In the West, the situation is different in various communities. Some Muslim cultures practice the dowry and wedding protocols of their home countries, while others are less cultural and more practical. The dowry is a gift to the bride (it’s not permissible Islamically for her family to take it unless she gives them permission). It is not a business transaction and doesn’t indicate the value of a woman. Some women attach their value to the dowry, which is why they demand unaffordable ones, not knowing its intended purpose. They wrongly believe that if the dowry is low and easily affordable, then it means they’re selling themselves cheap. This mindset is encouraged when the friends and family members of women demand and compete to marry financially well-off men to receive high dowries and look down on people who accept smaller dowries. To them, being offered a lower than expected dowry is highly offensive.
In most cases, women use their dowry money to buy clothes, night wear, perfume, make up, shoes, spa treatments, jewellery, a wedding dress and other things that are wedding-related and the gold is kept as a precious sentimental wedding gift from the husband. The dowry money is especially important for women who don’t have parents or relatives who can help them financially with getting ready for marriage. However, she doesn’t have to spend it on these things, as she’s free to do what she wills with it, but traditionally it’s spent on wedding preparation. Some women may also say that they don’t want money as dowry and may request a new car, a Qur’an, an Umrah trip, a kitten, a Chanel handbag, and so on. The dowry is simply whatever the woman wants it to be and if she has family members who support her financially or she is doing well financially herself in her career then she may not ask for money necessarily. Regardless of the reasons she has for her dowry request, even if they’re pretty restrained, a man is not obliged to accept.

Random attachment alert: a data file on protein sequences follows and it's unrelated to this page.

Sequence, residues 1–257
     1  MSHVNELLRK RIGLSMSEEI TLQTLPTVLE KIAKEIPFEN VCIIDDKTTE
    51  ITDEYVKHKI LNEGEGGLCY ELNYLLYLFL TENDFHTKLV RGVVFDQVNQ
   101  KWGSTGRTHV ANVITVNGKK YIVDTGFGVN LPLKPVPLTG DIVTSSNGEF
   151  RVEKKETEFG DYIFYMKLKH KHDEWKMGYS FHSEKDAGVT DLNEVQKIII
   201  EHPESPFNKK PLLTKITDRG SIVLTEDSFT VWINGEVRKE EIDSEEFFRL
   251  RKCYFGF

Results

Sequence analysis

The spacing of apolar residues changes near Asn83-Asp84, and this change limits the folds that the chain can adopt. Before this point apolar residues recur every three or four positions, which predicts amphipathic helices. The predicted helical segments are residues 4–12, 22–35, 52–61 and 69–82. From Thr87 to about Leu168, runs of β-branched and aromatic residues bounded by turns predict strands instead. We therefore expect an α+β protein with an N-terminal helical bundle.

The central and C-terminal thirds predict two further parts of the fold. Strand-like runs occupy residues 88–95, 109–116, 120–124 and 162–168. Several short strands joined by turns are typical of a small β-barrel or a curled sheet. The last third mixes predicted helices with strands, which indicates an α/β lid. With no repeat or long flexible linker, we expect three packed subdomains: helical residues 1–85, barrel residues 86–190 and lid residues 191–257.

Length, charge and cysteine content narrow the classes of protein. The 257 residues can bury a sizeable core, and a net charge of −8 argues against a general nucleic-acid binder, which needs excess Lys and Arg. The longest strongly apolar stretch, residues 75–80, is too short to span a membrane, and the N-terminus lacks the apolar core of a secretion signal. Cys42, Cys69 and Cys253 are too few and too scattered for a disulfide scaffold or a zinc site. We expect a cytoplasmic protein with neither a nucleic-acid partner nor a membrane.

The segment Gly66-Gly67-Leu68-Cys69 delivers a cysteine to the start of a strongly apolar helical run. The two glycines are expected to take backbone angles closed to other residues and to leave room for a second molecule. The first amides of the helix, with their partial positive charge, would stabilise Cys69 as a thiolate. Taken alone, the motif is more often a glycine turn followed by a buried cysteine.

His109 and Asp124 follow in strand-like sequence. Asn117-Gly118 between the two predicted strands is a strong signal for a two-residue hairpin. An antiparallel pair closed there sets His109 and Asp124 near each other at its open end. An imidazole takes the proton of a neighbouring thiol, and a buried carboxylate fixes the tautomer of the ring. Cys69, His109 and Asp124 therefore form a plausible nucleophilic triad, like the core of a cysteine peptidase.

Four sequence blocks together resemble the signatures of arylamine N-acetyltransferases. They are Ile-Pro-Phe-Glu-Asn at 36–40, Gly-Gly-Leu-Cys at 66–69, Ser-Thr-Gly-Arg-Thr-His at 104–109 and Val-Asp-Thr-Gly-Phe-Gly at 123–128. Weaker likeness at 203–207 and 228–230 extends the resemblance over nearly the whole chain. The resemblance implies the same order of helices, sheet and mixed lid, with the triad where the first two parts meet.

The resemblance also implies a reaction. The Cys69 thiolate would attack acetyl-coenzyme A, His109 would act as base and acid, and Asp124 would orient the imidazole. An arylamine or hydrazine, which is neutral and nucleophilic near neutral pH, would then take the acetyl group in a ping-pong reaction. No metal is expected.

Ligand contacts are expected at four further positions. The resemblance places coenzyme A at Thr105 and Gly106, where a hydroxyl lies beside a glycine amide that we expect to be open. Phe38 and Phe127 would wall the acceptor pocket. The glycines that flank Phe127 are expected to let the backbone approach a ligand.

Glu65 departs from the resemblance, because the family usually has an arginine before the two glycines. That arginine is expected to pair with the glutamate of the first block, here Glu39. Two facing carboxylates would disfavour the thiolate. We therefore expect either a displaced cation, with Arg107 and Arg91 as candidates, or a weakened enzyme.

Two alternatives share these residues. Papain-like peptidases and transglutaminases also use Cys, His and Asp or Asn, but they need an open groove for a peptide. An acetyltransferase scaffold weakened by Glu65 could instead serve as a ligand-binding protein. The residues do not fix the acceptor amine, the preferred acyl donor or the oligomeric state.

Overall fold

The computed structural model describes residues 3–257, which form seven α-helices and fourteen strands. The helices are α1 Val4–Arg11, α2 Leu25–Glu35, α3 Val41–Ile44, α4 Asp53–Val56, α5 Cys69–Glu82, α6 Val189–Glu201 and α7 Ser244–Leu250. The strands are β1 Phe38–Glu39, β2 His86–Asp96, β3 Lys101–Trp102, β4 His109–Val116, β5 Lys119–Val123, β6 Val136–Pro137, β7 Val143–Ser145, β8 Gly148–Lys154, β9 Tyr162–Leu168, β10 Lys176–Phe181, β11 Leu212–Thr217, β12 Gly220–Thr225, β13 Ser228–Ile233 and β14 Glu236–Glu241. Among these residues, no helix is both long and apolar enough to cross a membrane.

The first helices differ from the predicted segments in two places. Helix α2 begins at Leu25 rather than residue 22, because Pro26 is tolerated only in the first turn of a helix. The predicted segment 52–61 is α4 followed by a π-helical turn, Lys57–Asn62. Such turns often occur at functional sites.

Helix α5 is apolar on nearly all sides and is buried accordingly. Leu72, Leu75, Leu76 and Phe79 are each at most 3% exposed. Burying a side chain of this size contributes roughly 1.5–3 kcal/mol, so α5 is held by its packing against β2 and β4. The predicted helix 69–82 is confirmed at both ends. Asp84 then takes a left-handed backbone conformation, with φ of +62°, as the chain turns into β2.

This takes me to the next point that addresses men who use the ‘God-card’ to get away with paying a reasonable dowry. Some may quote this Hadith by Sahl Ibn Sa’ad (RA) who narrated that the Prophet Muhammad (PBUH) said to a poor man:
“Marry, even with (a mahar equal to) an iron ring.”
(Sahih Al-Bukhari, 5150)
This particular man the Prophet (PBUH) spoke to was known for being God-fearing and his good character and so he advised the woman he wanted to marry to accept his dowry, even though he’s poor because God said:
“And marry the unmarried among you and the righteous among your male slaves and female slaves. If they should be poor, Allah will enrich them from His bounty and Allah is all-Encompassing and Knowing.”
(Al-Qur’an, Al-Nur: 32)
This doesn’t mean that women should feel guilty when they reject someone who isn’t financially stable or earns enough to give them the dowry amount they desire, but that character and morality is more important, because God has promised that He’ll sort the rest. It is in the good character of a Muslim that he strives to always offer the best he can and to get out of poverty and being miserly. The Prophet Muhammad (PBUH) himself was proud to offer the best dowry he could to his wives.